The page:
Curve DeFi projects, including JPEG's, MetronomeDAO, deBridge, and Ellipsis, were affected by the attack. The pool with the most losses is alETH-ETH Alchemix, with a value of $13.6 million.

Price Impact

According to DeFi Llama, the total locked value of Curve Finance per day almost halved - from $3.25 million to $1.73 million.

As a result of the attack, the value of the native Curve Finance (CRV) token dropped by 14%, although it has recovered by now.

The founder of the crypto platform Matrixport, Jihan Wu, expressed support for the project and stated that he had purchased CRV tokens during the fall. In his opinion, Curve Finance is one of the most important infrastructures in the upcoming large-scale wave of tokenization of real assets.

Upbit, the largest South Korean exchange, announced that CRV volatility had increased due to an attack. As a result, the platform suspended all coin deposits and withdrawals.

“Falling liquidity is never a good thing for markets, especially stablecoins, which need to trade in a very tight range,” said Clara Medalie, director of research at Kaiko.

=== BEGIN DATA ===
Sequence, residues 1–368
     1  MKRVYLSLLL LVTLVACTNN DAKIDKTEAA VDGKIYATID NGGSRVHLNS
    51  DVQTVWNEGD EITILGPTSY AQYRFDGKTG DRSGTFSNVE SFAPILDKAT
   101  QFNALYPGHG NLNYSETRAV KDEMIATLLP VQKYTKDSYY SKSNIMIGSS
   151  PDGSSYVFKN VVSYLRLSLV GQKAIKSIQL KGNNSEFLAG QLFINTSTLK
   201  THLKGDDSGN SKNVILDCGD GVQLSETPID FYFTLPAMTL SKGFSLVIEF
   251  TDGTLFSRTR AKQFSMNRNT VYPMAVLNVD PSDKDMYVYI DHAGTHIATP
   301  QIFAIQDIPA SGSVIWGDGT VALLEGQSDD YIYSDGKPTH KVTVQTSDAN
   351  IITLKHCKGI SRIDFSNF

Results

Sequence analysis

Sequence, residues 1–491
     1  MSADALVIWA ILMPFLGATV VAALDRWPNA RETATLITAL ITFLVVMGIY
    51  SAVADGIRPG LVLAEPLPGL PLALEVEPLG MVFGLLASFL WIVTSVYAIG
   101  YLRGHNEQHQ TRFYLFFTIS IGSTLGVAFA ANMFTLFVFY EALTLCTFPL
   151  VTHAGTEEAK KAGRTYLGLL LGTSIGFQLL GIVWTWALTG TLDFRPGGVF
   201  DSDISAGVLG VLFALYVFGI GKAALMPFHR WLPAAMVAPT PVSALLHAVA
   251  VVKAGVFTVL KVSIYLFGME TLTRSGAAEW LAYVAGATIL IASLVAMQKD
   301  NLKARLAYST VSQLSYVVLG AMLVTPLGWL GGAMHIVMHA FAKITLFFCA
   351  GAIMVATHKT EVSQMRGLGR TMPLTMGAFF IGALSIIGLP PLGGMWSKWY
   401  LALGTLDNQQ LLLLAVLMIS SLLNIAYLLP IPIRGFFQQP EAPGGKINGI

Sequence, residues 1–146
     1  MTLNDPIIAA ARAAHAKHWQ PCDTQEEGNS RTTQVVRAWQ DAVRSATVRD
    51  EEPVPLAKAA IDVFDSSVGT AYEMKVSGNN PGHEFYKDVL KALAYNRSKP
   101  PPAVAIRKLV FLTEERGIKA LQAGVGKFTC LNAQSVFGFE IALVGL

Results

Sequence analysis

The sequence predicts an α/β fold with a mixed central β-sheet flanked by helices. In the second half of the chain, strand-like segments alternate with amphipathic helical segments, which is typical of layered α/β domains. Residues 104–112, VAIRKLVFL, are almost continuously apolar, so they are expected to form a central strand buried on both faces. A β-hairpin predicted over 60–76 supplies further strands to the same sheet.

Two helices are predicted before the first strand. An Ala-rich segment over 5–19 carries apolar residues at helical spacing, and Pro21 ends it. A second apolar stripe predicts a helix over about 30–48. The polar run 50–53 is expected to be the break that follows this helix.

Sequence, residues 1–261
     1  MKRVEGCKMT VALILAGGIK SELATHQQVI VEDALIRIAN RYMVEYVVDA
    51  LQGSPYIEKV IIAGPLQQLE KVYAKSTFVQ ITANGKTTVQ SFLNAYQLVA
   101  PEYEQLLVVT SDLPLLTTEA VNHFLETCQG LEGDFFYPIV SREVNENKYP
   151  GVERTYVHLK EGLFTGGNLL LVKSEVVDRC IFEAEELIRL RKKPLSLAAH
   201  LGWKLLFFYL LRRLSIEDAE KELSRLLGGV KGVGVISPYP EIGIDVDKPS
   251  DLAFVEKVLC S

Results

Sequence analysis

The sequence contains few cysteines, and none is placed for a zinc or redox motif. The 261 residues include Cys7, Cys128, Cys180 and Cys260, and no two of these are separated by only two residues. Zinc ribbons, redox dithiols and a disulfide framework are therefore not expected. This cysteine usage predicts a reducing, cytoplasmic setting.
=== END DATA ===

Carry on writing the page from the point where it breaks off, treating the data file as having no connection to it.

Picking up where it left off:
Impact on the DeFi Sector

At the time of the incident, over 450 liquidity pools were using vulnerable Vyper versions. Therefore, the number of victims and the extent of losses could be significantly higher.

The incident affected the Alchemix, JPEG's, MetronomeDAO, Ellipsis, and deBridge projects.

The most affected pools were:

  • pETH/ETH, the damage was 6106.65 WETH;
  • msETH/ETH - 866.55 WETH~ $1.6 million) and 959.71 msETH
  • alETH/ETH - 7258.7 WETH~million million) and 4821.55;
  • CRV/ETH - 7,193,401.77 CRV~ $5.1 million at the time of the incident), 7680.49 WETH~ $14.2 million) and 2879.65 ETH

Additionally, the Arbitrum Tri-Crypto pool could be affected. Vyper auditors and developers could not confirm the exploit, but the Curve team advised liquidity providers to exit as a precaution.

Despite the impossibility of implementing emergency DAO measures to halt the pool or impact user funds, it was feasible to suspend the emission of additional CRVs. Michael Egorov, founder of Curve Finance, told Bloomberg that the DeFi industry would survive the hack. 

Media and Community Reactions

Tweets that Exacerbated the Incident